\begin{aligned}\mathbf{1} = \int r^2 \sin\theta dr d\theta d\phi {\lvert { r \theta \phi} \rangle}{\langle { r \theta \phi} \rvert},\end{aligned} \hspace{\stretch{1}}(3.17)

where the spherical wave function is given by the braket \left\langle{{ r \theta \phi}} \vert {{nlm}}\right\rangle = R_{nl}(r) Y_{lm}(\theta,\phi).

Additionally, the radial form of the delta function will be required, which is

\begin{aligned}\delta(\mathbf{x} - \mathbf{x}') = \frac{1}{{r^2 \sin\theta}} \delta(r - r') \delta(\theta - \theta') \delta(\phi - \phi')\end{aligned} \hspace{\stretch{1}}(3.18)

Two applications of the identity operator to the braket yield

\begin{aligned}\rvert} A(R) {\lvert {nlm} \rangle} \\ &={\langle {nlm} \rvert} \mathbf{1} A(R) \mathbf{1} {\lvert {nlm} \rangle} \\ &=\int dr d\theta d\phi dr' d\theta' d\phi'r^2 \sin\theta {r'}^2 \sin\theta' \left\langle{{nlm}} \vert {{ r \theta \phi}}\right\rangle{\langle { r \theta \phi} \rvert} A(R) {\lvert { r' \theta' \phi'} \rangle}\left\langle{{ r' \theta' \phi'}} \vert {{nlm}}\right\rangle \\ &=\int dr d\theta d\phi dr' d\theta' d\phi'r^2 \sin\theta {r'}^2 \sin\theta' R_{nl}(r) Y_{lm}^{*}(\theta, \phi){\langle { r \theta \phi} \rvert} A(R) {\lvert { r' \theta' \phi'} \rangle}R_{nl}(r') Y_{lm}(\theta', \phi') \\ \end{aligned}

To continue an assumption about the matrix element {\langle { r \theta \phi} \rvert} A(R) {\lvert { r' \theta' \phi'} \rangle} is required. It seems reasonable that this would be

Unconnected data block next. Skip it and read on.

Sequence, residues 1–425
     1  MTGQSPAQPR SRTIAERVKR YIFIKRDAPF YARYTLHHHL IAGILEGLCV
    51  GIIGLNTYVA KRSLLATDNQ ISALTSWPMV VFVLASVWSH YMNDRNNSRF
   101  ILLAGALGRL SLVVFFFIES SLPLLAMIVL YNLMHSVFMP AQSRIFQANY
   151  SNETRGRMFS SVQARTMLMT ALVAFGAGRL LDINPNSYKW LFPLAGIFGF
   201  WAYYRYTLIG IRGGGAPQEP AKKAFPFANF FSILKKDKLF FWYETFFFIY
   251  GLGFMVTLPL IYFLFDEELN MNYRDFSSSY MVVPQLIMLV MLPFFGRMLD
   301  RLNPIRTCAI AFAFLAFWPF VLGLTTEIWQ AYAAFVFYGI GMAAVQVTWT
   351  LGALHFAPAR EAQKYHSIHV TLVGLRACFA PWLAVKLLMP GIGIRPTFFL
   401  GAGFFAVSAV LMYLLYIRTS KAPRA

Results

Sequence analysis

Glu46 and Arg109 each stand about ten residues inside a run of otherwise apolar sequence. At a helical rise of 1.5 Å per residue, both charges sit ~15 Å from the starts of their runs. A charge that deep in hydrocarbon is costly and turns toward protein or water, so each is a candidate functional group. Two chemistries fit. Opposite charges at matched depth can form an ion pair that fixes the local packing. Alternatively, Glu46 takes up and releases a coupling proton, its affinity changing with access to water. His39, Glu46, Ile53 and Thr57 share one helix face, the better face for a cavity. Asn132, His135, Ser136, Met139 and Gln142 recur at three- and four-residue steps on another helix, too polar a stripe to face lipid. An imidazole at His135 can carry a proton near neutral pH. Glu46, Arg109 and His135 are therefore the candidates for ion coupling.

\begin{aligned}{\langle { r \theta \phi} \rvert} A(R) {\lvert { r' \theta' \phi'} \rangle} = \\ \delta(\mathbf{x} - \mathbf{x}') A(r) = \frac{1}{{r^2 \sin\theta}} \delta(r-r') \delta(\theta -\theta')\delta(\phi-\phi') A(r).\end{aligned} \hspace{\stretch{1}}(3.19)

The braket can now be written completely in integral form as

\begin{aligned}\rvert} A(R) {\lvert {nlm} \rangle} \\ &=\int dr d\theta d\phi dr' d\theta' d\phi'r^2 \sin\theta {r'}^2 \sin\theta' R_{nl}(r) Y_{lm}^{*}(\theta, \phi)\frac{1}{{r^2 \sin\theta}} \delta(r-r') \delta(\theta -\theta')\delta(\phi-\phi') A(r)R_{nl}(r') Y_{lm}(\theta', \phi') \\ &=\int dr d\theta d\phi {r'}^2 \sin\theta' dr' d\theta' d\phi'R_{nl}(r) Y_{lm}^{*}(\theta, \phi)\delta(r-r') \delta(\theta -\theta')\delta(\phi-\phi') A(r)R_{nl}(r') Y_{lm}(\theta', \phi') \\ \end{aligned}

Application of the delta functions then reduces the integral, since the only \theta, and \phi dependence is in the (orthonormal) Y_{lm} terms they are found to drop out

\begin{aligned}{\langle {nlm} \rvert} A(R) {\lvert {nlm} \rangle}&=\int dr d\theta d\phi r^2 \sin\theta R_{nl}(r) Y_{lm}^{*}(\theta, \phi)A(r)R_{nl}(r) Y_{lm}(\theta, \phi) \\ &=\int dr r^2 R_{nl}(r) A(r)R_{nl}(r) \underbrace{\int\sin\theta d\theta d\phi Y_{lm}^{*}(\theta, \phi)Y_{lm}(\theta, \phi) }_{=1}\\ \end{aligned}

This leaves just the radial wave functions in the integral

\begin{aligned}{\langle {nlm} \rvert} A(R) {\lvert {nlm} \rangle}=\int dr r^2 R_{nl}^2(r) A(r)\end{aligned} \hspace{\stretch{1}}(3.20)

As a consistency check, observe that with A(r) = 1, this integral evaluates to 1 according to equation (8.274) in the text, so we can think of (r R_{nl}(r))^2 as the radial probability density for functions of r.

The problem asks specifically for these expectation values for the {\lvert {211} \rangle} state. For that state the radial wavefunction is found in (8.277) as

\begin{aligned}R_{21}(r) = \left(\frac{Z}{2a_0}\right)^{3/2} \frac{ Z r }{a_0 \sqrt{3}} e^{-Z r/2 a_0}\end{aligned} \hspace{\stretch{1}}(3.21)

The braket can now be written explicitly

\begin{aligned}{\langle {21m} \rvert} A(R) {\lvert {21m} \rangle}=\frac{1}{{24}} \left(\frac{ Z }{a_0 } \right)^5\int_0^\inftydr r^4 e^{-Z r/ a_0}A(r)\end{aligned} \hspace{\stretch{1}}(3.22)

Now, let’s consider the two functions A(r) separately. First for A(r) = r we have